Since one of my main goals for this vacation was to shop, we went shopping within the first 24 hours of us being in Karachi. I was strictly told not to talk alot because “they” (the store owners) would know that I’m a “foreigner” and hike up their prices. My Urdu is pretty fluent but I guess I use English more frequently than I realize – so my Urdu is a combination of Urdu and English. Above all, I was told that my English was too English – meaning that my accent, when speaking in English, made it obvious that I wasn’t from Pakistan. For example, I say purple not “puh-pill” or “purrrrrr-pel”.
The first day was interesting – I had to get my ideas across while making sure that I wasn’t using English words. It’s honestly harder than I realized – I now know how often I use words such as like, thin kaam, and elegant… even when speaking in Urdu.
I learned LOTS of new terms in Karachi… so I thought I’d share! Some of them are really funny…
MaRgenta: nobody says Magenta. In Pakistan, the colour is MARGENTA not Magenta. My Khala (aunt) said that people probably thought I was paindu (a fob), pronouncing Margenta the wrong way.
Brawn: Your pronunciation of the colour brown is similar to the way you pronounce crown, right? Not in Pakistan. It’s BRAWN – similar to DAWN.
Fawn Colours: If you’ve been to Pakistan, you know that light colours (think baby pink/blue and mint green) are sometimes known as “English colours.” Not anymore. Light colours are now known as “FAWN” colours. The first time I heard FAWN colour in Karachi, it was in reference to a beige-ish colour. This made sense to me. The second time I heard it, it was in reference to all light colours.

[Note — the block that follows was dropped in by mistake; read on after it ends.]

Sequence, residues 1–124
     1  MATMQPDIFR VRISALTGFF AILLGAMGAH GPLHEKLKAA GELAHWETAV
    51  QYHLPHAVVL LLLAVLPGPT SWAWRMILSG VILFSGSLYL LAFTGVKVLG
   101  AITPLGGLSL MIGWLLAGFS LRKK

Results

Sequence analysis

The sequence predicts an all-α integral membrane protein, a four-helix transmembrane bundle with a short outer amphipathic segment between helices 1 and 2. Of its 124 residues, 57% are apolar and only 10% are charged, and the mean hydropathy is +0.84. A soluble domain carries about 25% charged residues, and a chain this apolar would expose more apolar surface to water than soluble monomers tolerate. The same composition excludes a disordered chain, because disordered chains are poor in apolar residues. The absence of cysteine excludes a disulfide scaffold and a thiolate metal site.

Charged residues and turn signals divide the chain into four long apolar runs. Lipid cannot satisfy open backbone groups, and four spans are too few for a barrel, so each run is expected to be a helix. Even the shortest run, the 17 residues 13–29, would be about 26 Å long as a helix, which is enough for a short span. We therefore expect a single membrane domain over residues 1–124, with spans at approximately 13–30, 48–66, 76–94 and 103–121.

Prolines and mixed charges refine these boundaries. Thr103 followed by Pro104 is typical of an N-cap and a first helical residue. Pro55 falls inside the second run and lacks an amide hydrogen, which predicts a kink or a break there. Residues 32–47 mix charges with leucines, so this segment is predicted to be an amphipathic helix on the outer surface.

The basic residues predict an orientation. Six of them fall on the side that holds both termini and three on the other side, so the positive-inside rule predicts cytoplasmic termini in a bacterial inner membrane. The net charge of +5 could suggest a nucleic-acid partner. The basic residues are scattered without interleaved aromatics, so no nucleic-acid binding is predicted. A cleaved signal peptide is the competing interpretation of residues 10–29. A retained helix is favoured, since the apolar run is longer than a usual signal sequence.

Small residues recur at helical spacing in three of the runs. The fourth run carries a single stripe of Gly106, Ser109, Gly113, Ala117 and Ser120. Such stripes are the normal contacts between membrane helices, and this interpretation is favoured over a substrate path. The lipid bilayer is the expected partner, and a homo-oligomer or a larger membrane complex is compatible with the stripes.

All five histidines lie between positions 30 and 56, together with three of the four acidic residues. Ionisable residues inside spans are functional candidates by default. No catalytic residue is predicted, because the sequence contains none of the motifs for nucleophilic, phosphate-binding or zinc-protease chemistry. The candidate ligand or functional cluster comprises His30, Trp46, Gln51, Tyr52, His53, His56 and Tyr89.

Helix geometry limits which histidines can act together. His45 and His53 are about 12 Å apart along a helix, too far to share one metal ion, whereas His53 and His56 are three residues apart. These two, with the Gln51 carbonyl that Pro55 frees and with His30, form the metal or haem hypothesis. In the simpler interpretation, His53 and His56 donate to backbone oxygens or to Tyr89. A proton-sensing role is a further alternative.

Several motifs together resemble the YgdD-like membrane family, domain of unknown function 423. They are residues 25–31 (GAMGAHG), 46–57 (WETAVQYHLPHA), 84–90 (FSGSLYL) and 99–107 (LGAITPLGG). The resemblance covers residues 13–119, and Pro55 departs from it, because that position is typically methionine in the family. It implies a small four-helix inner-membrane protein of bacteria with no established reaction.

Chan: The little “sitaray” on dupatta’s and/or shirts is called CHAN.
Bunch: Kaam in any shape is referred to as BUNCH. For example, if you have diamond-shaped kaam on your shirt, the shop-owner will say he will put similar bunch on your dupatta.
Stuffs: Instead of saying material, people use the term “stuffs” alot. Yeah, not stuff – stuffs. When placing the order for my wedding outfit, I asked the guy what material they’ll be using for each piece. He responded by saying, “fikar nahi karein, sub achay quality ke stuffs use howein hai” (Don’t worry, all the material used in this outfit are of good quality).
A non-shopping related word I learned is “direct” – this means diarrhea. Haha
I can proudly say that by my last day in Karachi, my Urdu was pretty good!